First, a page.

The tank also contains musselcrackers, garrick, yellowtail, and (at the moment, but not when we dived in it) the remains of a sardine baitball.

The only moment when I got a bit of a fright was when we were surfacing against the rocks in the middle of the tank, and I omitted to look where I was going: straight into the path of a raggie. And sharks don’t generally get out of the way! Fortunately our DM had seen me behaving like a space cadet and “guided” the shark off to the side (since I wasn’t able to interrupt my ascent quickly enough).

Dive date: 6 June 2010

Air temperature: 16 degrees

Water temperature: 18 degrees

Maximum depth: 5 metres

Visibility: 25  metres

Dive duration: 35 minutes

Exploring: Fisherman’s Beach

We’ve driven past Fisherman’s Beach countless times on our way to stalk the baboons at Miller’s Point, and it’s been on the to do list to dive for a while. We’d heard that it was an easy dive akin to Long Beach, and a good training venue. Also, the little wave breaking on the bright white sand makes it look almost tropical – very inviting.

We ended up diving it the same day as we checked out Sunny Cove. It’s very pretty, with low rocky reefs on either side of the beach, and a wide strip of sand across the middle. There’s lots to explore, and it certainly isn’t as busy as Long Beach. It’s a short hop down the coast to A Frame, and the marine life is thus very similar. There’s a little bit of kelp, but it’s not dense and because of the layout of the site one tends to swim around rather than through it.

Tony’s camera misted up a bit in the warm car between dives, so he didn’t take many photos, but the invertebrate life poses very nicely and there is a lot of colour and light owing to the shallowness of the site.

Fisherman’s Beach is quite exposed, far more so than Long Beach, and we’ve seen that the wave on the beach can get angry in a big swell. Also, there’s a lot of fine sand in between the rocks, and I’d imagine this can get stirred up and decrease visibility quite a lot in inclement conditions. Even some of my careless fin kicks enveloped me in a cloud of particles – so this is perhaps a good place to take more advanced students (for dives three and four of an Open Water Course, for example).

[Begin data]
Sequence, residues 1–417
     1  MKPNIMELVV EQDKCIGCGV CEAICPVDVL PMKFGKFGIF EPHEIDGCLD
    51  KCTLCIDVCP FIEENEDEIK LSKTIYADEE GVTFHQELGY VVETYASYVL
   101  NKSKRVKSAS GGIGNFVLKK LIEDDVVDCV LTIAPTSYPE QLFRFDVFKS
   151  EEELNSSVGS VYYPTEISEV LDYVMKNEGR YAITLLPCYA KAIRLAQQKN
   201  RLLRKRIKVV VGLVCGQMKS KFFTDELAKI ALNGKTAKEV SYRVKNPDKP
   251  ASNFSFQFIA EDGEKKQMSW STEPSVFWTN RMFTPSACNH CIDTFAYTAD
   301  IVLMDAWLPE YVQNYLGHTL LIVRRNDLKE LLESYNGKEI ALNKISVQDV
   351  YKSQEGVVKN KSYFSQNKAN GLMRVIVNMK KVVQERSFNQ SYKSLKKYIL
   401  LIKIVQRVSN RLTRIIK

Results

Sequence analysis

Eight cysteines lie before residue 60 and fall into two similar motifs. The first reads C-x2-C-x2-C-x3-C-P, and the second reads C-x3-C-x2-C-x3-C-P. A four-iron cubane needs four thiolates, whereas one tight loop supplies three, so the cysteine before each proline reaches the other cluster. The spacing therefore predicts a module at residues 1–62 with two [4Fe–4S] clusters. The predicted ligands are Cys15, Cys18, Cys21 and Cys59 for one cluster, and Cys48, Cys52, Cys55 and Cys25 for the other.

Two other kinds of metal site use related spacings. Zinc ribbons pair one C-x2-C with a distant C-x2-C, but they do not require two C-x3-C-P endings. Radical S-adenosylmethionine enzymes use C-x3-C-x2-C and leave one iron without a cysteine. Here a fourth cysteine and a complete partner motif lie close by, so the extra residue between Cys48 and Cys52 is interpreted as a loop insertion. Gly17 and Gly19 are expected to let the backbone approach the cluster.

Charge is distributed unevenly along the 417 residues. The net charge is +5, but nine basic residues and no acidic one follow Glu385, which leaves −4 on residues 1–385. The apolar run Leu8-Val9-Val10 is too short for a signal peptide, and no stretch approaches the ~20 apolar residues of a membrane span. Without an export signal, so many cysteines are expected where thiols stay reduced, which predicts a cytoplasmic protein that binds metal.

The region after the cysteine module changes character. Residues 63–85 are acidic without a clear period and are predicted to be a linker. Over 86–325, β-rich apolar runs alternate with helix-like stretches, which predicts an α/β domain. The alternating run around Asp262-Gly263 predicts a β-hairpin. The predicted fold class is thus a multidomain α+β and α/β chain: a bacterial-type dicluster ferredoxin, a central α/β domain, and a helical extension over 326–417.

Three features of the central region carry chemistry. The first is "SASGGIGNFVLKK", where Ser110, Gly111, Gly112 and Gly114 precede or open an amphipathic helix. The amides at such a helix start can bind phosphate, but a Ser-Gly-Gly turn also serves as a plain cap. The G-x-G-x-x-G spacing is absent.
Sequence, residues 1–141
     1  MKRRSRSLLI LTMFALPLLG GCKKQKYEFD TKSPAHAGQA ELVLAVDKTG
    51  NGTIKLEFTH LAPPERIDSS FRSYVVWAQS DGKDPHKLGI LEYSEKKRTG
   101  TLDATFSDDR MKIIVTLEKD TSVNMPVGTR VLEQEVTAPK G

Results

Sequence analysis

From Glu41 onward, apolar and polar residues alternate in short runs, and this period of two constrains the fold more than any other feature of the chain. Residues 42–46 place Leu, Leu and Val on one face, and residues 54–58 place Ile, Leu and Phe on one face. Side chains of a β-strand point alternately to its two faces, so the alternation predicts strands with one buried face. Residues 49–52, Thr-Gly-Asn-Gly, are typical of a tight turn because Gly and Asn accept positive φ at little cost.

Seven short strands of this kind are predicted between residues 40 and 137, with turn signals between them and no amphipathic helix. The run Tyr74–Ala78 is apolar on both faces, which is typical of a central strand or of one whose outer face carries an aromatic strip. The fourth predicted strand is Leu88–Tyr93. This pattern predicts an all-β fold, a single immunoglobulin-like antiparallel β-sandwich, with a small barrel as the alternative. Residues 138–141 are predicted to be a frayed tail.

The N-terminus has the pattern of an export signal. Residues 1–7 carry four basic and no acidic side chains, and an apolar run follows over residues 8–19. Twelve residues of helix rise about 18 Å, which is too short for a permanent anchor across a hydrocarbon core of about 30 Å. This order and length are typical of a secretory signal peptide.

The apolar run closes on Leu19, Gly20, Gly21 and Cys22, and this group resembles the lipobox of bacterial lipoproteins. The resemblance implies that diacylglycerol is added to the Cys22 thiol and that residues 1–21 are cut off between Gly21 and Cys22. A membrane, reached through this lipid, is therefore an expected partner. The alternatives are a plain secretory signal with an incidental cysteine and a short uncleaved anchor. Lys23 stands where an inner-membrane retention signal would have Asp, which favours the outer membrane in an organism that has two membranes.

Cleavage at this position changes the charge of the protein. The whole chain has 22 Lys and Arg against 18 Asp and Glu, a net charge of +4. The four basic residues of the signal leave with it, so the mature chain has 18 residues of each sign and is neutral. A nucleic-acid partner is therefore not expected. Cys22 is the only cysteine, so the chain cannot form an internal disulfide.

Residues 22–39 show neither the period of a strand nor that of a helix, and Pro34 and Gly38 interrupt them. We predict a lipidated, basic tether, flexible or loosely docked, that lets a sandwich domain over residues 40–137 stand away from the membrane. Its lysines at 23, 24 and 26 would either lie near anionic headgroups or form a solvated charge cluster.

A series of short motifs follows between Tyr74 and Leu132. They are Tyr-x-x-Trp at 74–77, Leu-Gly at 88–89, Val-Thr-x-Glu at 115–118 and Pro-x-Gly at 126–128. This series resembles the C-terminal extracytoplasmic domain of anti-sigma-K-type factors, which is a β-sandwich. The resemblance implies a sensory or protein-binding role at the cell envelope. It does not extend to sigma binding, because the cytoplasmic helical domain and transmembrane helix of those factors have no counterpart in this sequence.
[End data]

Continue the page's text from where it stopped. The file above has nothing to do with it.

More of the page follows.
There is parking across the road, and space to kit up on the pavement or on the grass above the beach. There is an easy staircase down to the sand, and although there is more wave activity than Long Beach most of the time, it’s not as intimidating as the Clan Stuart can be.

Fisherman's Beach
Fisherman’s Beach – walk down the beach and into the sea

Verdict: Potentially a good training site, well suited for macro photography, and an easy equipment testing location for when Long Beach is too busy or too familiar.

Dive date: 4 July 2010

Air temperature: 24 degrees

Water temperature: 13 degrees

Maximum depth: 8 metres

Visibility: 12 metres

Dive duration: 37 minutes

Exploring: Sunny Cove

Tony has been wanting to dive Sunny Cove practically since he first set foot in Cape Town, having read in an old book on South African dive spots (The Dive Sites of South Africa – Anton Koornhof) that seahorses had been found there in the sea grass. Tony loves seahorses.

I put my foot down, repeatedly, until it was the dead of winter and the Sharkspotters website told me that not a single great white had been seen patrolling the coast for a couple of months. Sunny Cove is at the end of Jagger Walk, the catwalk that runs along the western edge of Fish Hoek Bay. It’s the site of at least one fatal munching by a great white, and I didn’t want to take any chances.

Sunny Cove railway station
View from the bridge over the railway line towards the dive site

It’s a shore entry, and we parked on the road at the bottom of the steps over the railway line. It’s quite a strenuous walk over the bridge with all your kit on. We spent a while figuring out where to get in – you have to clamber over some rocks, and make your way through dense kelp before getting to a clear spot. Once we decided where to get in, we were glad to be wearing thick wetsuits, otherwise we would have been scraped and scratched quite liberally! There is a huge submerged concrete block just where we got in – at first I tried to swim over it, but realised it was in only a few centimetres of water, and made my way around it. (Fortunately there was no one on the shore with a camera!) Cape Town shore diving is hard on your kit.

Sunny Cove
Our entry point is on the far left, almost out of the photo, where the straight piece of rock sticks out.

The actual dive site is aptly named. The sun streams in through the kelp, and the sea floor looks a lot like Shark Alley near Pyramid Rock – lots and lots of urchins, with pink-encrusted rock formations. We saw a little bit of sea grass, and spent a lot of time examining it for signs of life, but didn’t even find a pipe fish, let alone seahorses! There’s a lot of invertebrate life on the rocks – feather stars, brittle stars, abalone – and we saw quite a few fish.

We did see the deep channel that the sharks probably use to get in and out of Fish Hoek Bay. We were hoping to spot the beacon that records movements by tagged sharks past Sunny Cove, but no luck there. We did not explore much to the south of our entry point – that’s on the to do list (along with more sea horse hunting) for another shark-free day.

Verdict: Shallow, easy dive but a fairly tricky entry and exit. Infrequently dived, so rather more lush and unspoiled than busier sites. Videos of our dive are here and here.

Dive date: 4 July 2010

Air temperature: 21 degrees

Water temperature: 13 degrees

Maximum depth: 10 metres

Visibility: 6 metres

Dive duration: 32 minutes